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Credit: Asian Development Bank

Credit: Asian Development Bank

ADB commits US$175.3 million in geothermal energy development in Western Indonesia

On Mar 26, the Asian Development Bank (ADB) signed a loan agreement of approximately US$175.3 million with an Indonesian company to support the second phase of a geothermal power project in Indonesia.

The geothermal power project is led by Indonesian company PT Supreme Energy Rantau Dedap (SERD). The project is located in the South Sumatra Province of Indonesia.

SERD is a joint venture consisting of the Indonesian geothermal power developer, PT Supreme Energy; the Japanese trading and investment company, Marubeni Corporation; the Japanese power utility Tohoku Electric Power; and global energy leader ENGIE.

With an estimated 29,000 megawatt (MW) of potential in geothermal power generation, Indonesia has about 40% of the world’s geothermal reserves, making it an important resource for the country to achieve its commitments to reduce carbon dioxide emissions by 29% by 2030.

The geothermal power project supported by ADB will help Indonesia get closer to this goal, with SERD’s geothermal facilities expected to generate more than 90 MW of electricity, which will power up to 130,000 homes, create jobs, and avoid over 400,000 tons of carbon dioxide emissions every year by 2021.

In addition to ADB, the Japan Bank for International Cooperation and three commercial banks under a guarantee from Nippon Export and Investment Insurance are providing financing for the project worth approximately US$188.8 million and US$125.9 million, respectively.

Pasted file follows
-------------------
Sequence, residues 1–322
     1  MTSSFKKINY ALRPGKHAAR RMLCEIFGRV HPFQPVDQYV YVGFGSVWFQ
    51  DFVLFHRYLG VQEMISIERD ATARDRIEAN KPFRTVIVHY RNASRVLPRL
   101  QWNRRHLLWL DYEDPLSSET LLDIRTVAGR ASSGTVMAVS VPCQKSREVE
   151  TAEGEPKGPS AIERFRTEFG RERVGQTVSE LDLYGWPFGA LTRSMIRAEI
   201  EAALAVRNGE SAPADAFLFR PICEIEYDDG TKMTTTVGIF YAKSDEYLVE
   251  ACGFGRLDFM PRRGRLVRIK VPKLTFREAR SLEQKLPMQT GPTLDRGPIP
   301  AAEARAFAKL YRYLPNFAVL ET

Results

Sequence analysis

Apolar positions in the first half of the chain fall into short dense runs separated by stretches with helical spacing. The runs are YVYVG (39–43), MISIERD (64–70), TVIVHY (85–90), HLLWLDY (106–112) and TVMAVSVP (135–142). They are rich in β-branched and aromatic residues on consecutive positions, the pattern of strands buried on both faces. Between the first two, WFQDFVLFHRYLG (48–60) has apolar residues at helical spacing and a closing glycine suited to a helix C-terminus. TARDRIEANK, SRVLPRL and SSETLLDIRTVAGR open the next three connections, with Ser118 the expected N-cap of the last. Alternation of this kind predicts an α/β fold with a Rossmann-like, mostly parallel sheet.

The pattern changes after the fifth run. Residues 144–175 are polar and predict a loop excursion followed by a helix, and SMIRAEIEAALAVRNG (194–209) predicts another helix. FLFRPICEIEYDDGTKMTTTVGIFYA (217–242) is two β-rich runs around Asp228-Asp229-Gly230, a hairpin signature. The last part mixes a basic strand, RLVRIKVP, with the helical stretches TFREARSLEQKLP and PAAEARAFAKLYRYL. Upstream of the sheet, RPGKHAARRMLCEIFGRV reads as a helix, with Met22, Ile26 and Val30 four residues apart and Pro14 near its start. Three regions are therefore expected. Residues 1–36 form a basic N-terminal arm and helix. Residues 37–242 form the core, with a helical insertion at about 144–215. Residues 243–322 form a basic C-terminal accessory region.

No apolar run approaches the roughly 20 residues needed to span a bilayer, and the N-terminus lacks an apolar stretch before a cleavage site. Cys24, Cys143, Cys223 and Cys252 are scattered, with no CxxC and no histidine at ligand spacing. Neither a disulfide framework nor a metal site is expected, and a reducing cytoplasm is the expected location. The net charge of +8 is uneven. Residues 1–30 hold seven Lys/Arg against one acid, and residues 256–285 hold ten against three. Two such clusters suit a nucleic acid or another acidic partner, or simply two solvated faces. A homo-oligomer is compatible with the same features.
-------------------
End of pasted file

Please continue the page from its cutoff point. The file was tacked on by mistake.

“This innovative, phased financing proves that adequate risk allocation allows the private sector to successfully develop geothermal projects in Indonesia,” said Yuichiro Yoi, Unit Head for Indonesia at ADB’s Private Sector Operations Department.

“The project also demonstrates Indonesia’s strong commitment to develop renewable energy sources to diversify its energy mix and reduce its carbon emissions,” he added.

As part of the financing, ADB will also administer an additional loan provided by the Clean Technology Fund (CTF), which is a rollover amount from an existing CTF facility for the first phase of the project.

CTF is one of the four programs comprising the Climate Investment Funds and provides middle-income countries with concessional resources for the demonstration, deployment, and transfer of low-carbon technologies. ADB administers over US$1.1 billion of CTF funding across sovereign and non-sovereign operations.

The CTF loan for the first phase helped to confirm the commercial resource size and allow the project to proceed to financing of construction and operations.

The US$175.3-million deal adds to ADB's continued efforts to scale up private sector-led infrastructure development and support clean energy investments in the Asia and Pacific region.

The project is also in line with ADB’s commitment in addressing the risks and mitigating the impacts of climate change in developing member countries in the region.

Some of the similar projects in Indonesia approved by ADB include the US$350 million financing for the landmark 320 MW Sarulla Geothermal Power Development Project and the 80 MW Muara Laboh Geothermal Power Generation Project, which reached financial close in 2014 and 2017, respectively, and are also supported by CTF.

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